Volume 536, December 2011
|Number of page(s)||15|
|Section||Planets and planetary systems|
|Published online||13 December 2011|
Range of outward migration and influence of the disc’s mass on the migration of giant planet cores
Institut für Astronomie & Astrophysik, Universität
Tübingen, Auf der Morgenstelle
Accepted: 11 October 2011
Context. The migration of planets plays an important role in the early planet-formation process. An important problem has been that standard migration theories predict very rapid inward migration, which poses problems for population synthesis models. However, it has been shown recently that low-mass planets (20–30 MEarth) that are still embedded in the protoplanetary disc can migrate outwards under certain conditions. Simulations have been performed mostly for planets at given radii for a particular disc model.
Aims. Here, we plan to extend previous work and consider different masses of the disc to quantify the influence of the physical disc conditions on planetary migration. The migration behaviour of the planets will be analysed for a variety of positions in the disc.
Methods. We perform three-dimensional (3D) radiation hydrodynamical simulations of embedded planets in protoplanetary discs. We use the explicit-implicit 3D hydrodynamical code NIRVANA that includes full tensor viscosity, and implicit radiation transport. For planets on circular orbits at various locations we measure the radial dependence of the torques for three different planetary masses.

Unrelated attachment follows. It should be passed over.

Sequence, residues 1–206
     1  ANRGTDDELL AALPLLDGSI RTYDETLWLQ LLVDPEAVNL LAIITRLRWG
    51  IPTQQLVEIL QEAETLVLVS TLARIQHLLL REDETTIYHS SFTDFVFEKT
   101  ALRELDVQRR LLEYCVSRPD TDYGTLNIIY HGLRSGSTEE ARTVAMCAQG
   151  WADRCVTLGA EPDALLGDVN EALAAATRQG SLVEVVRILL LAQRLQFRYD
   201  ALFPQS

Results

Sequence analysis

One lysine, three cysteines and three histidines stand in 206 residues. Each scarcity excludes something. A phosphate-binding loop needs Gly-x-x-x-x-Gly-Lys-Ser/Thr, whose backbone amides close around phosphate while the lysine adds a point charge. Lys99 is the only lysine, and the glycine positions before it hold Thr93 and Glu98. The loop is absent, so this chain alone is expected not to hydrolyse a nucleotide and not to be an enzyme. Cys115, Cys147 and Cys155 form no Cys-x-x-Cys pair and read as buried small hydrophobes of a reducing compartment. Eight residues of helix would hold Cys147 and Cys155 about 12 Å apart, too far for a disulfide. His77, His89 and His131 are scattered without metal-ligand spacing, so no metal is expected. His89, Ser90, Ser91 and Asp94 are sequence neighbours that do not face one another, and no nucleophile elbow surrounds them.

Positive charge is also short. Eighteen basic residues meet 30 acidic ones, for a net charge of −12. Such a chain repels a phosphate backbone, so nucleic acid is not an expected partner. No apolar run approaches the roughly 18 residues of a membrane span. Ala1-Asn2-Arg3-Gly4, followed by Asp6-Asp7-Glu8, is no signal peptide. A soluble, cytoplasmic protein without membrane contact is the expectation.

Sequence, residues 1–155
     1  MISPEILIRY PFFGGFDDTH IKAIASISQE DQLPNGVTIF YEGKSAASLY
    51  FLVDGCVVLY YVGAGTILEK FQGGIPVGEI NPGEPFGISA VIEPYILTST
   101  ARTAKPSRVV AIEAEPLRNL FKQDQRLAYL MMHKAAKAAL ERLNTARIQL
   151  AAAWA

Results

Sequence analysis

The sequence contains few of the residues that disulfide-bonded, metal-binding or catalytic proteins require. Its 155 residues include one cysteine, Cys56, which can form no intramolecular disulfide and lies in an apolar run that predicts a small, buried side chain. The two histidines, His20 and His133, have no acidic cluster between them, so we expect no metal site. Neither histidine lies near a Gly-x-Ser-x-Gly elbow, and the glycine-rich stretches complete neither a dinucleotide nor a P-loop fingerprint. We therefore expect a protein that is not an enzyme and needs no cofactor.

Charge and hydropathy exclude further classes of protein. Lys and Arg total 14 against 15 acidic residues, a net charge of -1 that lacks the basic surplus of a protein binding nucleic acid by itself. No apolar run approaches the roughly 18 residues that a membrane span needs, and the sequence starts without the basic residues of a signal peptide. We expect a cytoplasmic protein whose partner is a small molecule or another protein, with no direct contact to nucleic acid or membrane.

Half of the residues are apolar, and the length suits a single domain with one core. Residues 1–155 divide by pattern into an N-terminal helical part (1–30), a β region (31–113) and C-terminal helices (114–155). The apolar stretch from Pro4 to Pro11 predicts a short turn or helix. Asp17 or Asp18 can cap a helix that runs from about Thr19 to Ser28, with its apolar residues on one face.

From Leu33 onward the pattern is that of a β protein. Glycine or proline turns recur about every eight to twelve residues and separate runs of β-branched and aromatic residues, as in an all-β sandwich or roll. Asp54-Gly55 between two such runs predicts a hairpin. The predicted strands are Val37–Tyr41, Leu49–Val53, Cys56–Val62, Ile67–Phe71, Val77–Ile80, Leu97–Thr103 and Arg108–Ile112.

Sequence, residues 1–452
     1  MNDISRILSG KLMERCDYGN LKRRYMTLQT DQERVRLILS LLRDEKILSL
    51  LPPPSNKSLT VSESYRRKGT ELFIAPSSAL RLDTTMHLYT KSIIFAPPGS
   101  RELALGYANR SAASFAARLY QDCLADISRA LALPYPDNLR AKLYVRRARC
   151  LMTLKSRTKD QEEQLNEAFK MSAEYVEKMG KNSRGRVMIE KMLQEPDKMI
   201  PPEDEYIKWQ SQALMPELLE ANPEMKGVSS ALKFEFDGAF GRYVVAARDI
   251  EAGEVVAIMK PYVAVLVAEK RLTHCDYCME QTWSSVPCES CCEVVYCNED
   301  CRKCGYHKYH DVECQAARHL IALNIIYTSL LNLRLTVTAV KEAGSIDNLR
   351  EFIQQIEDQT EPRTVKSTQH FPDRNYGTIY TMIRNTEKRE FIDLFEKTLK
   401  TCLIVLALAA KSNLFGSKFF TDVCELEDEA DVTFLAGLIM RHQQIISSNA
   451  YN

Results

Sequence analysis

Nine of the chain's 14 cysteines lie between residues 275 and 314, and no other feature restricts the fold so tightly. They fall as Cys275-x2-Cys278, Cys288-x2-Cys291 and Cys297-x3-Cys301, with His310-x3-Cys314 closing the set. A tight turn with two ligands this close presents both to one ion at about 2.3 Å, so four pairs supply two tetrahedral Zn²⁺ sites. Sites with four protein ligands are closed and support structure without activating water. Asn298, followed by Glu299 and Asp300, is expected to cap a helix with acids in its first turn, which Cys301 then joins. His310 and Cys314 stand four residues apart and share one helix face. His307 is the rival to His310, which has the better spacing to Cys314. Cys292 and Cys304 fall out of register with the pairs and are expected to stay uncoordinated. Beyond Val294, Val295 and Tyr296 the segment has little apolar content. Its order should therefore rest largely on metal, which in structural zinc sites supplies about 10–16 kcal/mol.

Results. For all considered planet masses (20–30 MEarth) in this study we find outward migration within a limited radial range of the disc, typically from about 0.5 up to 1.5–2.5 aJup. Inside and outside this interval, migration is inward and given by the Lindblad value for large radii. Interestingly, the fastest outward migration occurs at a radius of about aJup for different disc and planet masses. Because outward migration stops at a certain location in the disc, there exists a zero-torque distance for planetary embryos, where they can continue to grow without moving too fast. For higher disc masses (Mdisc > 0.02 M⊙) convection ensues, which changes the structure of the disc and therefore the torque on the planet as well.
Conclusions. Outward migration stops at different points in the disc for different planetary masses, resulting in a quite extended region where the formation of larger cores might be easier. In higher mass discs, convection changes the disc’s structure resulting in fluctuations in the surface density, which influence the torque acting on the planet, and therefore its migration rate. Because convection is a 3D effect, 2D simulations of massive discs with embedded planets should be handled with care.
Key words: accretion, accretion disks / planets and satellites: formation / hydrodynamics / radiative transfer / planet-disk interactions
© ESO, 2011
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